Rising fuel prices could wreck Britain’s fishing industry
Britain’s fishing industry could collapse due to the rising price of marine diesel, an industry leader warned today.
The soaring price of red diesel affected the profits of all fishermen, from the deep sea beam trawlers to smaller craft.
“I fear a collapse of the industry which would take not just boats, but entire communities which are dependent on fish, and that is not in anybody’s interest,” said South West Fish Producers Organisation chief executive Jim Portus.
“I am surprised we have not seen businesses being declared bankrupt,” he added.
When owners were paying up to 33p a litre for fuel, as they have been recently, then they were making a loss on voyages.
Although the price was now down to 30p a litre, predictions are that fuel costs would rise again, said Mr Portus.
The industry was battling its most serious crisis – worse than the “rocky times” of the 2000 fuel lobby, when fishermen picketed the refinery gates.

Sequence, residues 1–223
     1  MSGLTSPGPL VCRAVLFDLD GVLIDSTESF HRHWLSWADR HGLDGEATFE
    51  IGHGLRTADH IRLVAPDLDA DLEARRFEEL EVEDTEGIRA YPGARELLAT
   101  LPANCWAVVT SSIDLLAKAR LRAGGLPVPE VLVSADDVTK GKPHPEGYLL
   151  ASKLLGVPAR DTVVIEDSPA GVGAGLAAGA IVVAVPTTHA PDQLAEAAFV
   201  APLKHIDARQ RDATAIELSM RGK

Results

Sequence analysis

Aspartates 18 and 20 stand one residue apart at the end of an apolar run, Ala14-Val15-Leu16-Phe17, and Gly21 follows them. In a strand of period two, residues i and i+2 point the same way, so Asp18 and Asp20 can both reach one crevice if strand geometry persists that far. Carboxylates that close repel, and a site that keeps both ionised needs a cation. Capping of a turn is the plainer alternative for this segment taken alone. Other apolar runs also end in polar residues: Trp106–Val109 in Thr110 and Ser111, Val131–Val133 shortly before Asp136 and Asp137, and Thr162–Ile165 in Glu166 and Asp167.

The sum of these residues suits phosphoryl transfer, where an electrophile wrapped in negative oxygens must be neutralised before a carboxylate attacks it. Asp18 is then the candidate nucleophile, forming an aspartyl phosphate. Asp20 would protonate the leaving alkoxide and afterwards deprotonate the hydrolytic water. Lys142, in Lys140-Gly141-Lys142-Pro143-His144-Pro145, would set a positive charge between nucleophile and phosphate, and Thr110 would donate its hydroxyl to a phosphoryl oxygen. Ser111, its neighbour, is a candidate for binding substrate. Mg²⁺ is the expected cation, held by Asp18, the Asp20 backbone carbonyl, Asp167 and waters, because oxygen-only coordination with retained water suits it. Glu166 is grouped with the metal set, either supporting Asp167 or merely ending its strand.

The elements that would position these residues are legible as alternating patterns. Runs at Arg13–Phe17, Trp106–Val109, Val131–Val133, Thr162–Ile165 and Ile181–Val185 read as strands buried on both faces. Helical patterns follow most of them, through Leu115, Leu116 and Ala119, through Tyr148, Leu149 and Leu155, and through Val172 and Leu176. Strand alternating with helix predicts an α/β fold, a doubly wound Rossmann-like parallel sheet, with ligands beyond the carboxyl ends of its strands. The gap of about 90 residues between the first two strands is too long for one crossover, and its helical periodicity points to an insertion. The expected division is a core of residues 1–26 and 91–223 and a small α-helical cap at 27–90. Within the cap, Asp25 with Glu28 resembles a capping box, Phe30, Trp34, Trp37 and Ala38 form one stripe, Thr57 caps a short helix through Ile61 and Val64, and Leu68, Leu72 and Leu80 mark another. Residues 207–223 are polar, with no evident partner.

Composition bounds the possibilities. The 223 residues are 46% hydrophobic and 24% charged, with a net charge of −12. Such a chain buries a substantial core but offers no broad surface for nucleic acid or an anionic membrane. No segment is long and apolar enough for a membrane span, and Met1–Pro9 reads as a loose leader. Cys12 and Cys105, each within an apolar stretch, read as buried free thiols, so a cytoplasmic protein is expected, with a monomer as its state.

“It really is make or break time for many owners,” said Mr Portus. “The only thing that can save them is a much higher price for fish or bumper catches – and we are approaching a much better fishing period.”
The price of fish was high at the moment as some costs were being passed to the consumer.
“But there is pressure for a higher price for fish at the quayside to make it more likely boats can keep going to sea,” he said.
Mr Portus said there had yet to be a response from the Department for Environment, Food and Rural Affairs (Defra) over last week’s proposal from fishery leaders for aid to help with the fuel price rises or cash for decommissioning craft.
“We are at Defra’s mercy,” said Mr Portus who stressed that the department was “very much responsible for the well-being of the industry.”
He said Defra, through annual quota negotiations, had the mechanism to ensure the UK fleet had the best fishing opportunities available.
“We are looking to Defra to make sure our opportunities are maximised in the Council of Ministers at the end of the year,” said Mr Portus.
The UK fishing fleet had halved in size over the past five years, and now had less than 2,000 craft under 10 metres.
“We want to tie up or decommission to get the rest of the way to a fleet level which is sustainable and profitable,” said Mr Portus.